The fact seems to be that this kind of interpretation, when applied to sites of the period of La Venta, affords the spectacle of the catastrophists and the uniformitarians approaching from opposite directions and meeting at the same place.  Velikovsky has argued that the obsessional fear connected with the termination of the 52-year cycle is to be explained by the original close passages of Venus at that interval starting around 1500 B.C. Heizer, on the other hand, has no explanation for the obsessional force of these cycles but finds the testimony for them compelling enough in later Mesoamerican cultures to be willing to project them back into the Olmecs.  In this he is supported by the evidence from late Olmec stelae (particularly the famous Stele C from Upper Tres Zapotes) that the Olmecs used the same calendrical cycles as are later found in such abundance among the Mayans, including the Long Count in which the 400-year baktun is the initial unit.

It is unnecessary to try to reach a conclusion here as to the fate of the four phases of Complex A at La Venta.  Enough has been said to show that a complete reevaluation of the Olmec archaeological evidence in the light of catastrophism would be fruitful.  We have in fact been brought to the verge of the mythological aspect of the record, and before passing on to that I would like to look briefly at what the great Olmec stone sculptures themselves seem to be representing.  The Olmecs have been called the "people of the Jaguar" because that animal, chosen as the most ferocious known to them and thus the best symbol of a terrifying force which is divine and must be propitiated, was the major subject for the sculptor's skill.  Mythical testimony from both the Mayans and the Aztecs associates the jaguar with one of the world destructions.  In the opening pages of the Annals of Cuauhitlan it is stated: "The second sun was founded and '4 Jaguar' was its day-name; it is called 'Jaguar Sun.'  In its time the sky was destroyed, and the sun did not follow its path; it was noon and then suddenly it was night, and when it became night the people were eaten up" (Lehmann, 1938: 61, #33).  In the first part of the Popol Vuh it is stated:

And so they were killed;
    They were overwhelmed.
There came a great rain of glue
    Down from the sky...
There came Lurking Jaguar
    And ate their flesh.
There came Aroused Jaguar
    And tore them open,
And shattered their bones
    And their cartilage  (Edmonson, 1971: 26-7, 11. 691-7040).

Thus there is little difficulty in reconstructing among the Olmecs the original meaning of their supreme symbol.

To strengthen the connection with later mythology, it should be noted that rarely is the jaguar sculpted in its natural form; the predominant mode was to infuse elements from other creatures and thus create a monster even more irrefutably divine.  In a few instances these elements include a bifid tongue representing the snake and feathers representing the bird (Bernal, 1969: 97-9), so that the great image of the Plumed Serpent, Quetzalcoatl, is shown to have its first expression among the Olmecs.  The serpent-motifs have also led scholars to recognize in the Olmec jaguar the predecessor of the omnipresent Mesoamerican gods of thunder and rain, the Tlalocs among the Nahuatls (Caso, 1942: 44) and Chacs among the Mayans (Thompson, 1951: 1, 36).  These gods were unquestionably worshipped in later times as the source of rain necessary for crops, but as with the Greek Zeus, sender of rain and wielder of clouds and thunderbolts, the earlier planetary nature of the deity lingered to create awe.  In the Florentine Codex the separate functions are stated in the terse definition given of the nature of the god: "Tlaloc: to him was attributed rain; for he made it, he caused it to come down ... And also by him were made floods of water and thunderbolts" (F.  C. 1, Ch. 4; Anderson and Dibble, 1950: 11, 2).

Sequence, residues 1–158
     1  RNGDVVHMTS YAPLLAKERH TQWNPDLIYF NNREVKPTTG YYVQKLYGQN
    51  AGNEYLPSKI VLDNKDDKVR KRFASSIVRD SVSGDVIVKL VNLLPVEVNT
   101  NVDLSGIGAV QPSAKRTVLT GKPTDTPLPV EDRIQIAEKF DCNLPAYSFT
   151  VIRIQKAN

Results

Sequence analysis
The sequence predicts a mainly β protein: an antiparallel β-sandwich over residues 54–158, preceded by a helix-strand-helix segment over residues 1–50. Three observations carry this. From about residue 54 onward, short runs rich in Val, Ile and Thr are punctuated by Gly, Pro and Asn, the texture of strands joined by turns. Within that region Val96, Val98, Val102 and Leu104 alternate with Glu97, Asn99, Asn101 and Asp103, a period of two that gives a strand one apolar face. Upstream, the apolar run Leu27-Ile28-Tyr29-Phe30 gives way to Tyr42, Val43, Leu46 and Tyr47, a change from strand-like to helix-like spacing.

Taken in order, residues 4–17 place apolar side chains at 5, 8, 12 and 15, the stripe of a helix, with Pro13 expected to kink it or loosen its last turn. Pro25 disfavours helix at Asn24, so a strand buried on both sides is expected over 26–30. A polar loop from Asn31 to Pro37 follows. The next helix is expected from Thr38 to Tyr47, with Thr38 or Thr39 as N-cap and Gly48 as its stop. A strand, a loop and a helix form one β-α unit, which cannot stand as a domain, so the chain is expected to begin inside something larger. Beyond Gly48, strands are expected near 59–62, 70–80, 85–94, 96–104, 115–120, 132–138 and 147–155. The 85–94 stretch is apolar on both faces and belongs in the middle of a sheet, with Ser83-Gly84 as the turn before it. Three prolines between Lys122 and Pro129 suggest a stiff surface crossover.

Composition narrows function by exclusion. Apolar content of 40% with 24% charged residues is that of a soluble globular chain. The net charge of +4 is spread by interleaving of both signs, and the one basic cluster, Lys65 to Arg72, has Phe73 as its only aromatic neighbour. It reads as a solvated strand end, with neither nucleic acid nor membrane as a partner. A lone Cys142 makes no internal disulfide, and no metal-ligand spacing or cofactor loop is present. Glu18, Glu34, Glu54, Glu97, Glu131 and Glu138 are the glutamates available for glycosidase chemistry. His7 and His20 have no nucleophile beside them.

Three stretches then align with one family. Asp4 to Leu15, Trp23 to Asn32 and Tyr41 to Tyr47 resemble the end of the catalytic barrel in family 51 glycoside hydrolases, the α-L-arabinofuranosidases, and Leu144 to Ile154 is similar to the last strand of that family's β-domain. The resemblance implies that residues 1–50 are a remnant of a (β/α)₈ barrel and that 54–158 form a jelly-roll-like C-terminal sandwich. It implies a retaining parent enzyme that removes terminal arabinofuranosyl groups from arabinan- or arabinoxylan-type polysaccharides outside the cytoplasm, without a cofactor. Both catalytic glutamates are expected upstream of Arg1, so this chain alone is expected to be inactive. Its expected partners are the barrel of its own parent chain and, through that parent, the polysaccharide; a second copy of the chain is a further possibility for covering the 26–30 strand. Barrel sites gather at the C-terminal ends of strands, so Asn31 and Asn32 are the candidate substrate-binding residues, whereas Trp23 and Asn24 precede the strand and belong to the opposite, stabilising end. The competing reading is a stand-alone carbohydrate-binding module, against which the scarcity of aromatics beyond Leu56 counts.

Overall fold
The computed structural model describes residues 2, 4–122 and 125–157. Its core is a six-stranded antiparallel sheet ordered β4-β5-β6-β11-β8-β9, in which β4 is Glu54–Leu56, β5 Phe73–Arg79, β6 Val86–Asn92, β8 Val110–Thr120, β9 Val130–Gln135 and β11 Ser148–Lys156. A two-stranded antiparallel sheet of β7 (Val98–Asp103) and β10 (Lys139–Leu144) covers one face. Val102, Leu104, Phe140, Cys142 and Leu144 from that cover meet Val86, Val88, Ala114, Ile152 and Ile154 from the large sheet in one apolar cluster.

Sometimes human elements are also infused into the face of the jaguar, or else a man's face is shown emerging from a jaguar's jaws or a jaguar-headdress.  This situation of the human is in turn symbolically interwoven with the few other standard representations of the human face which the artistic canons allowed.  Basically there are three human types represented in pure or mixed form: the baby, the dwarf, and the athlete.  The baby and the dwarf have been explained as subjects because they seem to have been pre-eminent victims chosen for human sacrifice.  The victim sacrificed is considered to represent the god, hence to be divine and worthy of being sculpted.  The athlete's head has been explained in several ways.  Since he was a participant in the ritual of the sacred ball-game which is known from Toltec and other sources to have ended with decapitation of the leader of one of the two teams, there may be a peculiar appropriateness in the practice of always sculpting the head alone without the body.  This ritual ball game, as will be shown later, was itself a reenactment of the celestial ball-game, played at a time of world-destruction, in which the sun and moon defeated the lords of hell who were disturbed by the shaking of the earth which their ball practice had caused.  Hence the element of human sacrifice in the reenactment is again to be explained by the traumatizing hold of the cataclysmic prototype.  Another explanation has been given for the peculiarly shaped helmet to be found on many of these athletes; it is seen as reflecting the devices by which cranial deformation was practiced on infants, among the Olmecs and among the Mayans (Davalos and Zarate, 1953: 99).  It has been observed that this kind of deformation may produce a V-shaped cleft in the upper part of the head which is to be found on the head of the jaguar in its natural state (Bernal, 1969: 72).  Hence the victim of this deformation, whether the symbolic athlete or the real infant, is merely one more material in which the Olmecs sculpted their obsession.